In essence, both empathy and solidarity and related and are vital keys to social justice movements. The idea behind the Occupy movement is novel in the sense that it is inclusive -- "we are the 99 percent" -- and united at the very level of humanity, instead of any particular segment of the population or by any specific single-issue agenda. This past month has been one of the most meaningful, hands-on learning experiences for me, as well. How do I feel empathy towards those who are here only to intentionally cause problems? How do I feel empathy towards the drug addicts whose presence are seemingly undermining our message and unity? How do I continue to remain true to the movement while the unauthorized factions keep causing troubles (such as violent actions and unpermitted marches that created massive traffic jams on purpose at 5 p.m. on a weekday) and the mass media reporting of them as though they are ours, even though we all know that the General Assembly did not even discuss their actions let alone voting on them? How do I empathize with an "anarchist" demonstrator who went to jail for vandalizing a police car when his action runs counter to the philosophy and undermines our existence? How can I feel any empathy when I see a long line of mostly homeless people unknown to the movement, waiting for a dinner, when I am busy and have no time for this -- and when I finally get to make time for dinner, everything was already gone? Those have been real, day-to-day questions that have dogged me every single day. Yet, I also know that solidarity cannot be authentic without empathy.
One of the greatest things that happened during the earlier weeks of the Occupation were conversations. People were talking to one another. Now it feels like the community is again divided and stratified along the class lines and racial lines. I thought the Occupy movement was to demonstrate that the people have a capacity to become a community in a direct democracy and participatory collectivism -- without institutionalized leadership -- but now I find often that the same kind of oppression is being replicated once again in the Occupation. Classism, sexism and racism are raising ugly heads again. Those divisions were once conquered through conversations and engagement. I feel it is time to bring them back.
While we often talk of the Occupation and the Occupy movement solely in terms of political ideologies, freedom of speech and direct-actions, the movement certainly has a deep spiritual aspect. A local writer Pam Hogeweide writes for the Burnside Writers Collective (well-known for one of its members, Donald Miller, of the Blue Like Jazz fame):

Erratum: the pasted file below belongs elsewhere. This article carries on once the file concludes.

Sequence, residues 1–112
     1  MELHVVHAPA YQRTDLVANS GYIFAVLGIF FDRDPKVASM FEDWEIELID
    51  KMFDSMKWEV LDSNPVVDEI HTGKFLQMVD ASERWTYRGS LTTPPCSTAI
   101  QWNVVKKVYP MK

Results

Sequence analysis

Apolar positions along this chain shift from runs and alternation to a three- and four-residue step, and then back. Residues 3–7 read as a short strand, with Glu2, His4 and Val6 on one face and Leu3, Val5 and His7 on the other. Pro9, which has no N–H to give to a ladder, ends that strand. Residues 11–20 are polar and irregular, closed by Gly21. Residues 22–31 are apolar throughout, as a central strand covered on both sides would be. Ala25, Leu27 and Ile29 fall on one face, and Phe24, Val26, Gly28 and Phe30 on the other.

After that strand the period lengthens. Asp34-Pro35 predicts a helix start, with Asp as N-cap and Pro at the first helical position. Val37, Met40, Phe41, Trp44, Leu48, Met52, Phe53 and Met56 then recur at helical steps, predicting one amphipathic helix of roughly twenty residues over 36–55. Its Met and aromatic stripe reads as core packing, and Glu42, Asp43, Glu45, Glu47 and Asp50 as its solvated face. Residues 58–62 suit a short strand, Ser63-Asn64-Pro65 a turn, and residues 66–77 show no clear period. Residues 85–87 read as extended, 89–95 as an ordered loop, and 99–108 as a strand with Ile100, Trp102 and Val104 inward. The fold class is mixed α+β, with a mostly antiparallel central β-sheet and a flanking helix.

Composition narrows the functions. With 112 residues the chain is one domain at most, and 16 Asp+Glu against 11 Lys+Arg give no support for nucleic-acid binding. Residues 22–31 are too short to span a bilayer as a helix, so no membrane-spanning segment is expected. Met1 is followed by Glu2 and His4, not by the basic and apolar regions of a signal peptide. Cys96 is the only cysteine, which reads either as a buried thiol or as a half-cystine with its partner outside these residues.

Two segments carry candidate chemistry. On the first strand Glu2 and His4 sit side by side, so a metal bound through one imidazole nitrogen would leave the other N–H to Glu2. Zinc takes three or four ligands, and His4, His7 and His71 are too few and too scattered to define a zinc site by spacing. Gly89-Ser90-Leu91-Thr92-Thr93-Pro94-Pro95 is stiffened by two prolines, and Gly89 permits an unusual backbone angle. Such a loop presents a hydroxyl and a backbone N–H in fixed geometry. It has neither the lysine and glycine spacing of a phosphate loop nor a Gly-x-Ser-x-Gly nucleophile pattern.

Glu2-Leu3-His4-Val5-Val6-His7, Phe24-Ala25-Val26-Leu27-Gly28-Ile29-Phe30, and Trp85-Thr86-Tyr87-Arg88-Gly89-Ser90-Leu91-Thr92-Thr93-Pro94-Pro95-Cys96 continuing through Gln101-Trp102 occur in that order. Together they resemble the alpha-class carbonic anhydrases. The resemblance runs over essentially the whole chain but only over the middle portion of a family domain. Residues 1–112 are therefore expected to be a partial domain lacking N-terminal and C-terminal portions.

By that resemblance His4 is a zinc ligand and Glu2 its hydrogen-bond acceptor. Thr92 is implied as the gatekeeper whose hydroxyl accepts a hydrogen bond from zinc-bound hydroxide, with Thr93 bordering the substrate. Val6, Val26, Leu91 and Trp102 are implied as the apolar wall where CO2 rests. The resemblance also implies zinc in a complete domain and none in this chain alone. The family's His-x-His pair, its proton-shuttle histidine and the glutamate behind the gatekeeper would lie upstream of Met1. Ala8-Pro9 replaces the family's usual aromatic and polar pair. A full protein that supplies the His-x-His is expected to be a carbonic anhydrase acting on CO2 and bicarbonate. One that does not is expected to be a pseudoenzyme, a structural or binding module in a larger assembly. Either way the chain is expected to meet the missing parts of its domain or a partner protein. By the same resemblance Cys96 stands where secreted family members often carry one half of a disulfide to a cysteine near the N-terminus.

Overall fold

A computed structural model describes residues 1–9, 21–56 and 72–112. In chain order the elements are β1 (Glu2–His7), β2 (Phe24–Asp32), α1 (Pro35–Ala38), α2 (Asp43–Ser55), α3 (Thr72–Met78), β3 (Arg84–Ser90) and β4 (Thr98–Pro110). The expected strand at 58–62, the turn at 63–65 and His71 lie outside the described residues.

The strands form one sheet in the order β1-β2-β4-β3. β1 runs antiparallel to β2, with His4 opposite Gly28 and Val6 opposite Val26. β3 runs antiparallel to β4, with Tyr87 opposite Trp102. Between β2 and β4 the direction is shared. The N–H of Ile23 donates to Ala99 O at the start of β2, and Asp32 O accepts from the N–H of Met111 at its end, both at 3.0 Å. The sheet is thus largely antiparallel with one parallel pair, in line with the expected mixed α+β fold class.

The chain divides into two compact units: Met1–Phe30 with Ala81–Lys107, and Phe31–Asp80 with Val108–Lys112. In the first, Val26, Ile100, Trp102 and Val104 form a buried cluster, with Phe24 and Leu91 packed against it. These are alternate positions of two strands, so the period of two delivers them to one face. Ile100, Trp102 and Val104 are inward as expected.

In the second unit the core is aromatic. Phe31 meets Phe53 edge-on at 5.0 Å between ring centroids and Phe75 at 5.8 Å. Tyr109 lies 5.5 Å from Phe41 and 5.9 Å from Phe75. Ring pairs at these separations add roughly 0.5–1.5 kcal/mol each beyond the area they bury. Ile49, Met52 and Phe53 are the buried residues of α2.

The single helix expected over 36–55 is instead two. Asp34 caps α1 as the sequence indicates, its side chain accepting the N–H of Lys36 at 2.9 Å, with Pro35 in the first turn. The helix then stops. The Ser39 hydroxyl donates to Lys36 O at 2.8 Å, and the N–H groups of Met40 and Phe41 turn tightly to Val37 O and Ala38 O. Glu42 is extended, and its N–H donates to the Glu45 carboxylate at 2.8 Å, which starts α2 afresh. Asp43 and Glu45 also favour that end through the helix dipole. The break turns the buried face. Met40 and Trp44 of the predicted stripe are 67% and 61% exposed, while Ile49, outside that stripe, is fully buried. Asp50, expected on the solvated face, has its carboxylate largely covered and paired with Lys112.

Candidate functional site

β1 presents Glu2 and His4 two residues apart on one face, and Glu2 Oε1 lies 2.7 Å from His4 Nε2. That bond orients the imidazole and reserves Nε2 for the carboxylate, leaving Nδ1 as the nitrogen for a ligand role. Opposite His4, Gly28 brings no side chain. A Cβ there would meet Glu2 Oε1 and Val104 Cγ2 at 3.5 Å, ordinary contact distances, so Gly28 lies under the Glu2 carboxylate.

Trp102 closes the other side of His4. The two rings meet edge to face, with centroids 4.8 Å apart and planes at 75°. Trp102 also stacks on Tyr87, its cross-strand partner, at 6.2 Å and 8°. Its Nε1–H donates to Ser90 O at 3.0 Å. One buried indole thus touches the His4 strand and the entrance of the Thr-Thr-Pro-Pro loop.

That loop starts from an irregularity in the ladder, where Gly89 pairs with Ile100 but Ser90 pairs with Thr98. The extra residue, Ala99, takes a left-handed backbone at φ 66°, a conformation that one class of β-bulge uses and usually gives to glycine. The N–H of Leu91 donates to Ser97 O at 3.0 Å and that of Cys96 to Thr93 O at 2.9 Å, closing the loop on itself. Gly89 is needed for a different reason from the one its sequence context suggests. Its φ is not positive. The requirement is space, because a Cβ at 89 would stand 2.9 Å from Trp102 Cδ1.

Like many Christians, I have prayed and fasted for revival to come to America. I have cried out to God more times than I can count for a spirit of repentance to visit our land. I never imagined it would look this way. The revival of my prayers I imagined was behind the four walls of steepled buildings, packed pews of the contrite with heads hung low, weeping guilt-driven prayers for sins to be washed away. I did not envision grandmothers, baristas, hippies and hipsters taking to the city streets to decry the sins of the nation. -- http://burnsidewriters.com/2011/10/28/16916/
The Occupy movement, like the earlier Great Awakenings in American history, is spreading like wildfire and arousing the consciousness of the people from all walks of life, uniting them under one community like no other movement could have done. In many ways, the Occupy movement is a profoundly prophetic movement. Likewise, the Occupations and their General (or People's) Assemblies are exploring, experimenting with, creating, and demonstrating new ways of being a community, just like the early Christians in the book of Acts did under the Holy Spirit -- not easy, but radical. Like the early Hebrew prophets and first-generation Christians alike, the Occupy movement envisions a community that dismantles the older social boundaries and the failed and corrupt system that enables the division between people and walls between human beings.
As we struggle on the daily basis with many difficult issues and decisions, we grow and become transformed. The Occupy movement is not just about changing the 1 percent and the political structure that enables the 1 percent, but it is also about profoundly changing our hearts, minds and behaviours.
This is not an official statement of the Interfaith Guild of Chaplains.